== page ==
Enough about me. Let’s talk about the bad things, then the good things. Ian is surprisingly flat as a main character – the entire novel suffers from ‘tell not show’ and excessive exposition through dialogue, and while that is less of an issue than it might be because the world-building is so fascinating, it really affects the development of our protagonist. He’s intensely self-absorbed, contradictory and stubborn, and other characters appear mainly for him to demonstrate his abilities. When his brother is killed, we are told all about Ian’s grief, but Will’s widow and children – surely even more bereft than Ian – don’t appear at all in the story, or hardly in Ian’s thoughts. We don’t meet any of Ian’s family other than Will, in fact, which only contributes to the self-centered portrait.
However, Ian is just one of a large cast, and that cast is the saving of the book. The vividness that Ian lacks is found in his patients, Mrs Halliday, and the bitchy, frightened, angry Michael dying of AIDS. They spring to life, even if they disappear from the story for large periods of time, only to be summoned to again illustrate Ian’s wonderful abilities. Ian’s putative boyfriend, Sam, and his sister, Ellie, are also strongly written, though Sam’s extreme fear and disgust with what Ian does is hard to swallow given the immense importance spirits and demons play in Chinese thought and traditional beliefs. Ta-Kuat, another saintly shaman from the distant past whom Ian meets on the spirit plane, is also a cypher (and I didn’t ultimately give a damn about him), but Ian’s teacher, Ang, leaps off the page, angry and spare and dour and stern. It’s as if the author’s determination to present shamanism as favourably as possible has drained his shamans of life and vivacity, but that life has been poured into the other, less important characters.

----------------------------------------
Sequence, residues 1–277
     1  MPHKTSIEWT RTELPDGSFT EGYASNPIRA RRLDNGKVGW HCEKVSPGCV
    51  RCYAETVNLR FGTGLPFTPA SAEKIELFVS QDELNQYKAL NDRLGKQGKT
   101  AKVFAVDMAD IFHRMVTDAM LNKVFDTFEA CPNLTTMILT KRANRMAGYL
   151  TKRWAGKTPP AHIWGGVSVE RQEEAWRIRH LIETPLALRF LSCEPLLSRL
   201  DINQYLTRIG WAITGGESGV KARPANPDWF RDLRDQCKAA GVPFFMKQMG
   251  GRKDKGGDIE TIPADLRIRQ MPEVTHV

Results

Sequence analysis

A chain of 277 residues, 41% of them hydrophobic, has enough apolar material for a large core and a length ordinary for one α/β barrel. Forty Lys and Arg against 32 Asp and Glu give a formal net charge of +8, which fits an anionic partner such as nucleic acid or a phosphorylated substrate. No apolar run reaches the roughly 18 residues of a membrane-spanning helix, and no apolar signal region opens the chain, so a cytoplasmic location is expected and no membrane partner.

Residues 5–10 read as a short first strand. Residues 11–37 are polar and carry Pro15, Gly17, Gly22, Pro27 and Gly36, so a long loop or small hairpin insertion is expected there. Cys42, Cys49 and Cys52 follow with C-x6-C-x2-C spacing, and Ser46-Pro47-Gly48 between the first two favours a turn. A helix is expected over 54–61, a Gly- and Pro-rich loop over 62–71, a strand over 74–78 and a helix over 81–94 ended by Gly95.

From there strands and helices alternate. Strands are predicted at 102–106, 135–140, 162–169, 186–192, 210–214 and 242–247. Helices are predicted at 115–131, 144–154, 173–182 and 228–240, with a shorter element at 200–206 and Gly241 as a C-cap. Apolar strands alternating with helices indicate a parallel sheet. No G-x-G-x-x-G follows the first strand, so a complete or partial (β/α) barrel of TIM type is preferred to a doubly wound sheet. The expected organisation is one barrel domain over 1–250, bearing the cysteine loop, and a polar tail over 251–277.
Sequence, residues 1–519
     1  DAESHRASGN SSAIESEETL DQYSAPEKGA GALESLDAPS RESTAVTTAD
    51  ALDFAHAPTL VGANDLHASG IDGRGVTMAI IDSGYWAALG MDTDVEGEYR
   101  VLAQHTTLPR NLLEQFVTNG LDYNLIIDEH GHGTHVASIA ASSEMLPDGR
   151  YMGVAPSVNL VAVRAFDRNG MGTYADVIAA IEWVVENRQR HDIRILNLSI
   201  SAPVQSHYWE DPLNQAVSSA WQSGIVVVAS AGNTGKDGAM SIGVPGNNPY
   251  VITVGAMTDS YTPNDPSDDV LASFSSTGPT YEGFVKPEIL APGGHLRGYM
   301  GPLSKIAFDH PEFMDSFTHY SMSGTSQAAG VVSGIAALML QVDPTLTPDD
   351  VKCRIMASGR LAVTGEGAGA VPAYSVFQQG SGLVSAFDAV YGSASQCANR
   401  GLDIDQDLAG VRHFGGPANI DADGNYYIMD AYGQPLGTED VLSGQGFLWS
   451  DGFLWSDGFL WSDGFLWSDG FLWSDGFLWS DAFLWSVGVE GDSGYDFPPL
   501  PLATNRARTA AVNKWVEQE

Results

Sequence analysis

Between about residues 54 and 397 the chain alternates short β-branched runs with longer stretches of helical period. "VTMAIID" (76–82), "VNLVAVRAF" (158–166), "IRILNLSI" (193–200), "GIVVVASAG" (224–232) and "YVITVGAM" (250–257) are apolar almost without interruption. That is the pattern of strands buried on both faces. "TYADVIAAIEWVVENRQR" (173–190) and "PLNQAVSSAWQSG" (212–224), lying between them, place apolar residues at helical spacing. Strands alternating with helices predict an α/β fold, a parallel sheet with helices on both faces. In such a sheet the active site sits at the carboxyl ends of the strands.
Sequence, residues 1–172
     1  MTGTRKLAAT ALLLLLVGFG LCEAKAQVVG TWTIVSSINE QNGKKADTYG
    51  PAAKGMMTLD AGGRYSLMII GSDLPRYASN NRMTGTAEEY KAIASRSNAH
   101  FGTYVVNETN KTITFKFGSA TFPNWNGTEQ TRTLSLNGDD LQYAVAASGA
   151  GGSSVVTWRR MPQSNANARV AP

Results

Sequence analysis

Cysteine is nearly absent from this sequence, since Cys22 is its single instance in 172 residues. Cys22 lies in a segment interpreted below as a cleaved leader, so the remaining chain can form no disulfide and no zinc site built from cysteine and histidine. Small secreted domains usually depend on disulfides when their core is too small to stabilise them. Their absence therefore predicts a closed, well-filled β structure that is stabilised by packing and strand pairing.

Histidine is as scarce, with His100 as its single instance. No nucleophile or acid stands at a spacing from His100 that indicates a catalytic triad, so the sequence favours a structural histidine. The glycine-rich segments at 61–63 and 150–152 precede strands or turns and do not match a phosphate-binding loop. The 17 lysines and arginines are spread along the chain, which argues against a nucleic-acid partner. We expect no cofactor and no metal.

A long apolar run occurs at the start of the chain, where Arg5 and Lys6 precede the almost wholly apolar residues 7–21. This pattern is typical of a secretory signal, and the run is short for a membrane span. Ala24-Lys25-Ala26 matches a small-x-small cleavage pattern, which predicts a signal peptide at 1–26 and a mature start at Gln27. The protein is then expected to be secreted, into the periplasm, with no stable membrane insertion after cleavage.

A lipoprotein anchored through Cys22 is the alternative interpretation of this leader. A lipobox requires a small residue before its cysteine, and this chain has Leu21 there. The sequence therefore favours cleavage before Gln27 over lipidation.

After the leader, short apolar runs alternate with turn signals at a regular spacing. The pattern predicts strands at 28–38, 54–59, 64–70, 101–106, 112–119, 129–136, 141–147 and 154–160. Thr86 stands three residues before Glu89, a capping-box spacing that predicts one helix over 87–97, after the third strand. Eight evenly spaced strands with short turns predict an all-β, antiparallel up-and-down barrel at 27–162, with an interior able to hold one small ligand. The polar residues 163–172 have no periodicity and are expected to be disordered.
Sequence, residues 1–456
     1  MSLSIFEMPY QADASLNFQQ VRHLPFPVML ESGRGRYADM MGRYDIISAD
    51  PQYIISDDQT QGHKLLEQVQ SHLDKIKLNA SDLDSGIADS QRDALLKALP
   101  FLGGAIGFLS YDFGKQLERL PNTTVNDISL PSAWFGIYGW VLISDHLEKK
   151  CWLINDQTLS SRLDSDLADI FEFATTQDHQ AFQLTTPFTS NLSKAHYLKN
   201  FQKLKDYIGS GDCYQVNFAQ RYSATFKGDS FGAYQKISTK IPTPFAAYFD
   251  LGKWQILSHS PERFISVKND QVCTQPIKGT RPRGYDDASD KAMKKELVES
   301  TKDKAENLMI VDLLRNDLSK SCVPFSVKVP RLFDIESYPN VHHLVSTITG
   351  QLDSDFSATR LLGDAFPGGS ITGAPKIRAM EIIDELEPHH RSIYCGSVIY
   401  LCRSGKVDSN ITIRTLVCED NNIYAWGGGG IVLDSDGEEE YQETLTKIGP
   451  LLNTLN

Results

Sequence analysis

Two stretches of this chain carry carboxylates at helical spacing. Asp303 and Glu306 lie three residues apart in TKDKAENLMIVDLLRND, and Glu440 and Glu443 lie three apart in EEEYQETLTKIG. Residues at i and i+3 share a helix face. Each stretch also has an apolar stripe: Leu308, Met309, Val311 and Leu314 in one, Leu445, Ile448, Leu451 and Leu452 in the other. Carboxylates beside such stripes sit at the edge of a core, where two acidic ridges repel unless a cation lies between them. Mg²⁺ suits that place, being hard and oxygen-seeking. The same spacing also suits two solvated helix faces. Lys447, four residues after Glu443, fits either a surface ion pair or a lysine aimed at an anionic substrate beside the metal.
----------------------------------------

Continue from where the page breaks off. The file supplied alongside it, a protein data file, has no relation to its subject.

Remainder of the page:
The plot was, despite the spiritual angle, gripping, although the prologue nearly killed the novel dead before it started, and there was an awkward double retelling of an encounter between Ian and Ta-Kuat which could have been cut. The preponderance of dialogue slows the story down too much at times but there’s usually enough going on to retain interest. I suspect reader patience for the amount of dialogue will vary tremendously.
The writing could have been tighter. The editing definitely needed to be a lot better both on content and line editing – the punctuation was eccentric to say the least, and irritating, and there were also actual word errors like ‘discrete’ for ‘discreet’. Given the price MLR charges for books, they need to lift their game considerably.
In the end, the world-building is what carries the reader along here, and the moral dilemma Ian faces is far from simple. The many people and spirit guides he encounters on his journey towards enlightment and resolution of his pain are mostly fascinating, and it’s not at all clear which choices he will or should make at any point. It entertained me, and left me thinking about the spirit plane as described. It didn’t convert me or lessen my distaste for real world mysticism, but then I didn’t read it with the intention that it should, nor does it attempt to preach.
I recommend Traveling Light as a decent read, so long as you know what to expect and don’t ask for more than it offers.